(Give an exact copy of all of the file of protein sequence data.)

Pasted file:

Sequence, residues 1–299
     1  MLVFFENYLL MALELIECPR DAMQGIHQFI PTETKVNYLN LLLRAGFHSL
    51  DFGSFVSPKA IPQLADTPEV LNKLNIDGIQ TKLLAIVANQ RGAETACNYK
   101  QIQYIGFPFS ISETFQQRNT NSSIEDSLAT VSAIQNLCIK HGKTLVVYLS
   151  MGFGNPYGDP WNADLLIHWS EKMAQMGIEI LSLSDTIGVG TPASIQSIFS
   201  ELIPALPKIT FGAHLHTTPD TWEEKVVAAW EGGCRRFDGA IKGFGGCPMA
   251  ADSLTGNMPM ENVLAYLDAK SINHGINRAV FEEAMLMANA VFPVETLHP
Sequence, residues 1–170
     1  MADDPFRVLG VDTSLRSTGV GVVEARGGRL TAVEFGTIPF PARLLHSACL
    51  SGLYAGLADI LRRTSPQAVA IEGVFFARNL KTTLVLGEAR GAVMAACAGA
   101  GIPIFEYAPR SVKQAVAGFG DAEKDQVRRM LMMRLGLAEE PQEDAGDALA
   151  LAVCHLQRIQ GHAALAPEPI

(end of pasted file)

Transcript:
Sequence, residues 1–299
     1  MLVFFENYLL MALELIECPR DAMQGIHQFI PTETKVNYLN LLLRAGFHSL
    51  DFGSFVSPKA IPQLADTPEV LNKLNIDGIQ TKLLAIVANQ RGAETACNYK
   101  QIQYIGFPFS ISETFQQRNT NSSIEDSLAT VSAIQNLCIK HGKTLVVYLS
   151  MGFGNPYGDP WNADLLIHWS EKMAQMGIEI LSLSDTIGVG TPASIQSIFS
   201  ELIPALPKIT FGAHLHTTPD TWEEKVVAAW EGGCRRFDGA IKGFGGCPMA
   251  ADSLTGNMPM ENVLAYLDAK SINHGINRAV FEEAMLMANA VFPVETLHP
Sequence, residues 1–170
     1  MADDPFRVLG VDTSLRSTGV GVVEARGGRL TAVEFGTIPF PARLLHSACL
    51  SGLYAGLADI LRRTSPQAVA IEGVFFARNL KTTLVLGEAR GAVMAACAGA
   101  GIPIFEYAPR SVKQAVAGFG DAEKDQVRRM LMMRLGLAEE PQEDAGDALA
   151  LAVCHLQRIQ GHAALAPEPI